Wednesday, June 18, 2008

From transparency to transparency

Some years ago, teacher use of the word “transparency” always meant that sheet of plastic used to display notes or lessons on the overhead projector. I had a manila folder full of them; I always recycled them--washing them at night, hanging them by the corner from the cupboards to dry. That seems like centuries ago-- those days and years when I felt so isolated in the classroom, somewhat empty, yet not recognizing the yearning for collaboration and sharing in search of accomplished practice.

Those days are gone (or can be) as educators embrace the possibilities and potential of personal learning networks and online communities of practice that new technologies enable. And with these possibilities arise a new meaning for “transparency”. Not that it hadn’t always been one of a number of definitions, but now almost a buzz word, transparency suggests easily recognized and/or detected. Blogs, twitter, wikis, skype and innumerable other tools facilitate that transparency of practice, as the opportunity for improving and tweaking shared practice emerges when we all learn from each other.

It seems to me that there is no one better at breaking the “ice” of that isolation, having the courage to share globally, of being so transparent in practice than Darren Kuropatwa. I’ve had the pleasure of a front row seat as his pedagogy evolves, becoming more and more accomplished. As could you. How? -- through the windows of his class blogs. Since the addition of an interactive whiteboard to his classroom last year, he has posted slides of daily lessons on his class blogs for his students. It’s been fascinating to watch as his style has become more sophisticated and creative, especially since he has blogged how he’s come to consider the importance of creativity in learning after viewing Sir Ken Robinson’s TEDTalks which he quoted and added his thoughts in italics. Here’s just a snippet:

All kids have tremendous talents and we squander them ... pretty ruthlessly.
This comment reminded me of the song Flowers are Red by Harry Chapin.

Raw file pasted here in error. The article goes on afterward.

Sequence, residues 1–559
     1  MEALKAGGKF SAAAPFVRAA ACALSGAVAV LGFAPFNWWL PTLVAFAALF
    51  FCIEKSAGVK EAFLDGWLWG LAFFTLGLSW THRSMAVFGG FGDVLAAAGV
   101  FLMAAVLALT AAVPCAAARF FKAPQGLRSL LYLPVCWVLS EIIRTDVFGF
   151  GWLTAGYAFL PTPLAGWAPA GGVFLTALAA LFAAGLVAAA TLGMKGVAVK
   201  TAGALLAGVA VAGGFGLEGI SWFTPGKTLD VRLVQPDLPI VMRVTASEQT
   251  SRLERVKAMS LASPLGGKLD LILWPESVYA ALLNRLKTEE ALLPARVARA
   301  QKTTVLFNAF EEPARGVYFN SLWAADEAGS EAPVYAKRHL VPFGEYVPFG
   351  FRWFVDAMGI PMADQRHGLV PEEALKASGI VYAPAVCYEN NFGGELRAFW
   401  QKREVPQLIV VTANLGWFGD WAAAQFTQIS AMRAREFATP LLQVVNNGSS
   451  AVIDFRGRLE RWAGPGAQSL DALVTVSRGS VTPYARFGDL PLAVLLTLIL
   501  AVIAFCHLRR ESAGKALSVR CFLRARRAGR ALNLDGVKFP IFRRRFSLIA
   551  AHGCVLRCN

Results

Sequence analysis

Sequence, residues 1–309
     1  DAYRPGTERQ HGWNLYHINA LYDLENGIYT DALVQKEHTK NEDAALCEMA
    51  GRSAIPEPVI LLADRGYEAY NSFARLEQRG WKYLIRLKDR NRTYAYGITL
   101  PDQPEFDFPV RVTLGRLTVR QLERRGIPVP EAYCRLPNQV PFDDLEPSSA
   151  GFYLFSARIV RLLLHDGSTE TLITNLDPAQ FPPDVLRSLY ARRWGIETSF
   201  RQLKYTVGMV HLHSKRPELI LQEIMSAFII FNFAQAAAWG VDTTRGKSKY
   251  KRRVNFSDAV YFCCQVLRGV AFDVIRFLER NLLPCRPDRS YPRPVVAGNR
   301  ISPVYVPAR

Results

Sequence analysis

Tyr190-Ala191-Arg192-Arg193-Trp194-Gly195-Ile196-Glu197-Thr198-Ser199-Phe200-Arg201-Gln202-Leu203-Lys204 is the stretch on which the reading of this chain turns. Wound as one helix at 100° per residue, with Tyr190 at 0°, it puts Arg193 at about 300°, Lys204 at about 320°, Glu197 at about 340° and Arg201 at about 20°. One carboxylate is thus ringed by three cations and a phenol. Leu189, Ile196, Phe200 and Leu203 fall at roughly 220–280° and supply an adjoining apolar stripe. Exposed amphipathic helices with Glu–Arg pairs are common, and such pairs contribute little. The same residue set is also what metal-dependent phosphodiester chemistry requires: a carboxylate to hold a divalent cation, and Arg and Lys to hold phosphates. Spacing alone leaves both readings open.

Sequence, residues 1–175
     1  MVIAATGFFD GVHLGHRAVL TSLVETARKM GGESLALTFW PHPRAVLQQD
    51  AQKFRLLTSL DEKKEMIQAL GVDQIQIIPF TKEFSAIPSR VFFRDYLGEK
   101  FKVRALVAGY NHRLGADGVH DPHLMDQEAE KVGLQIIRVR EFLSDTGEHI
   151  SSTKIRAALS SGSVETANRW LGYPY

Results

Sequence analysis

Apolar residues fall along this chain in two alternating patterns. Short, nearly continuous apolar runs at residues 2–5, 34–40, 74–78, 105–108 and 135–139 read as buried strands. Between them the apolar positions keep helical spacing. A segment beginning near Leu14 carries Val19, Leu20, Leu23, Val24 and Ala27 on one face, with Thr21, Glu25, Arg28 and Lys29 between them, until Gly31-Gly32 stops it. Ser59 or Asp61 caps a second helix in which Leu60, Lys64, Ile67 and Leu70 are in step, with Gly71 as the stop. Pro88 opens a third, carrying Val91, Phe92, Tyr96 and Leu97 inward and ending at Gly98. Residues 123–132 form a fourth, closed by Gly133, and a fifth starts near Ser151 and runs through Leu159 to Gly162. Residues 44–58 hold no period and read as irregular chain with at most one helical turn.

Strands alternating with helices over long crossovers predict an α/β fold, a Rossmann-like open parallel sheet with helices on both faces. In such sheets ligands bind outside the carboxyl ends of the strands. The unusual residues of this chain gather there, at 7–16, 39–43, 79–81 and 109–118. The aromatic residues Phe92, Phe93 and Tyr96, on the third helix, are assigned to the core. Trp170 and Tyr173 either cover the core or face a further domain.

Creativity is now as important in education as literacy and we should treat it with the same status.
I'm sympathetic to this sentiment yet ... how do you teach creativity? I suspect Sir Ken would reply that you don't have to teach it (see below). OK then, but how do you assess it?

I daresay that one strategy for enabling creativity in students is by modeling it as a teacher. Darren’s done just that. Here, in the pre calculus slides from 2007, you’ll find lots of calculus.

Here, in the pre calculus slides from 2008, you’ll not only find lots of calculus but also extraordinary use of photos from Flickr to initially engage his students in their learning. Darren’s willingness to share his pedagogy transparently on the class blogs not only enriches global practice but also provides an incredible model for his students.

That is evidenced in their extraordinary Developing Experts Projects, in which their learning and thinking become transparent and in which it is obvious they’ve internalized his underlying message. When they developed their rubric for this project, it was agreed that there would be bonus points for creativity. This year they’ve taken the projects to a new level. In every project, you can see the impact of Darren’s modeling, but especially in these:

Jamie and Nelsa"s Strawberry Fields Forever

Richard ,Justus and Lawrence's Mathematics is the Science of Patterns

Craig, Grey M, and Mr. SiWy's DE Vious

His pedagogy, their learning ---------powerful, creative, exemplary and transparent!

From transparency to transparency, what a distance traveled in such a short time-- what grand opportunities for learning and improving practice! Can we all dare to be as courageous? Just imagine, our globally accomplished practice and its potential---

Photo credits: